Born in Boston in 1871 to Mary Russell (Collins) and James Rodney Wood, she attended St. Agnes School in Albany, N.Y., and taught school for eight years before attending Radcliffe College, where she was a co-ed intercollegiate debater. In 1898, she and fellow student Inez Haynes Irwin invited Alice Stone Blackwell, a leading feminist and suffragist and daughter of Lucy Stone and Henry B. Blackwell, to address Radcliffe students. She secretly married Charles Edward Park before graduating summa cum laude.
A frequent speaker, she joined the Massachusetts Woman Suffrage Association (MWSA). After attending her first National American Woman Suffrage Association (NAWSA) meeting as nearly the only young woman, she committed to engaging students in the suffrage movement. She organized a College Equal Suffrage League (CESL) with Inez Haynes Irwin, visiting women’s colleges in Massachusetts to form local chapters. In 1908, she traveled nationally on behalf of CESL and, with Bryn Mawr College president M. Carey Thomas, established the National CESL. In 1901, she co-founded and served as executive secretary of the Boston Equal Suffrage Association for Good Government (BESAGG).
Following her marriage to actor and theatrical agent Robert Hunter, Park also became a playwright. Keeping her dedication to suffrage, during this period, she traveled aboard to learn about women’s rights in other countries.
As a NAWSA leader from 1912-1915, she worked in Massachusetts to formulate suffrage campaign strategies, implement NAWSA president Carrie Chapman Catt’s “Winning Plan.” Although the fight for the 1915 Massachusetts suffrage referendum was unsuccessful, her leadership prompted Catt’s invitation to move to D.C. and chair the NAWSA Congressional Committee.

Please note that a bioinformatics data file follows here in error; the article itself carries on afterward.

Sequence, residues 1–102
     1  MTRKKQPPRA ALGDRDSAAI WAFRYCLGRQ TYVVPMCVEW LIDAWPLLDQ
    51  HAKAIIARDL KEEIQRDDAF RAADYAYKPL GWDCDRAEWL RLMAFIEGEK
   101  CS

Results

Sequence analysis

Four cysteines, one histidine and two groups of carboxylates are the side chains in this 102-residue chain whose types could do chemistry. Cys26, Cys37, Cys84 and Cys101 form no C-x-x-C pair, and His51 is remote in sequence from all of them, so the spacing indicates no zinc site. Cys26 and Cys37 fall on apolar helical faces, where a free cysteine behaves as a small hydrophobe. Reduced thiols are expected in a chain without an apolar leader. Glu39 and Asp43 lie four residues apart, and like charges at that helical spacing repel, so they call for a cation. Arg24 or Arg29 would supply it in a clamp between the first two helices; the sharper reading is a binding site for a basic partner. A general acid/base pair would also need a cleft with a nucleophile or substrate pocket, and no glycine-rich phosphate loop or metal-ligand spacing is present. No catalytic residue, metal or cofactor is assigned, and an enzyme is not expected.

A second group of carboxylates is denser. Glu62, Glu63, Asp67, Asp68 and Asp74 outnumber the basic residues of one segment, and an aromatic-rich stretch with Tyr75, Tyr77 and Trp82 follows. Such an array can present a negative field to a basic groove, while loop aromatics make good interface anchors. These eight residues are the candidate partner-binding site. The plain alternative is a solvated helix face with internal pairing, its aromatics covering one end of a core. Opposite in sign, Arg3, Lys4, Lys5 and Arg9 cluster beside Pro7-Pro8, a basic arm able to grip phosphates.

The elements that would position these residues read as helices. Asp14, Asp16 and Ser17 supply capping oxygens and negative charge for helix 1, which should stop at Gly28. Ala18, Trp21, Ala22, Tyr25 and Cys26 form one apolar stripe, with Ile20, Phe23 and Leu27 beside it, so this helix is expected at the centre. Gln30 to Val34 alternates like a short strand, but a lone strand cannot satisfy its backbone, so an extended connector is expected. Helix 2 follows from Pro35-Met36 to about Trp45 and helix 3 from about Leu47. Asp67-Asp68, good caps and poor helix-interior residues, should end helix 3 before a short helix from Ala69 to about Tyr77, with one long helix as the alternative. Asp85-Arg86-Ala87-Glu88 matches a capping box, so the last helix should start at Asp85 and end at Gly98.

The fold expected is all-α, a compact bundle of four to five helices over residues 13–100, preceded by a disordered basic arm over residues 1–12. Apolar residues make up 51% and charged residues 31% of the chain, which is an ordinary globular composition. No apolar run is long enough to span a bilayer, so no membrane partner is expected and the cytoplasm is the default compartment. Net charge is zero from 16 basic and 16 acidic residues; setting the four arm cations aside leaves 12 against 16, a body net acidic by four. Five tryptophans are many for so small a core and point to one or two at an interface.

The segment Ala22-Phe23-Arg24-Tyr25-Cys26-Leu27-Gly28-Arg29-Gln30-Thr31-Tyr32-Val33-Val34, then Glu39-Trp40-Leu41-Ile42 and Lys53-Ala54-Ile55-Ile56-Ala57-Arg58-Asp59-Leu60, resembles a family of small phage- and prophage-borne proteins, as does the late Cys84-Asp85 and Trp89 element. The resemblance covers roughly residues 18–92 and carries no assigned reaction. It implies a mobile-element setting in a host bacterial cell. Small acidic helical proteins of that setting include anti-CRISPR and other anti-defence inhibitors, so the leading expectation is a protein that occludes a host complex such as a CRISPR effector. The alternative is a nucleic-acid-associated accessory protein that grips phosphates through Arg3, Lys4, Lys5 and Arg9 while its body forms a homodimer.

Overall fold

In a parallel effort to that of the National Woman’s Party under Alice Paul, Park led suffragists from all over the country in lobbying for a suffrage amendment to the Constitution. She coordinated with NAWSA state affiliates, oversaw a detailed record of the personal lives and interests of members of Congress, and established a lobbying model characterized by meticulous instructions, absolute propriety, and respect for U.S. Representatives and Senators. In fact, their lobbying decorum was so open and above board they were called “The Front Door Lobby” by the Congressmen themselves — a major contrast to the “backstairs” methods by some business and other interests.
After woman suffrage was won, she served for four years as the first president of the National League of Women Voters. She also chaired the Women’s Joint Congressional Committee (WJCC), a coalition of ten women’s organizations that included the League. During her tenure, WJCC lobbied successfully for such federal legislation as the Sheppard-Towner Maternity and Infancy Protection Act.
After becoming ill in 1924, Park moved to Maine but continued to write plays under both her own name and pseudonyms. After her playwright husband’s death in 1928, she served as a League of Women Voters legislative counselor and continued to lecture on topics that included advocacy for a World Court. In 1939, her play Lucy Stone was performed in Boston.
In 1943, with former secretary of BESAGG Edna Stantial, she prepared and gave her suffrage and League papers, the Woman’s Rights Collection (WRC), to Radcliffe College. This collection became the core of what is now The Schlesinger Library on the History of Women, one of the major repositories of women’s history in the United States. In 1960, her book recounting the NAWSA lobbying experience, Front Door Lobby, was published posthumously.
Sources: Park, Maud Wood, 1871-1955. Maud Wood Park Papers in the Woman’s Rights Collection, 1870-1960; item description, dates. M-91, folder Pa-#. Schlesinger Library, Radcliffe Institute, Harvard University,http://oasis.lib.harvard.edu/oasis/deliver/~sch01035, view on November 12, 2015. Edited by Edna Lamprey Stantial, Maud Wood Park, Front Door Lobby (Boston: Beacon Press, 1960). Photo Courtesy of the Library of Congress.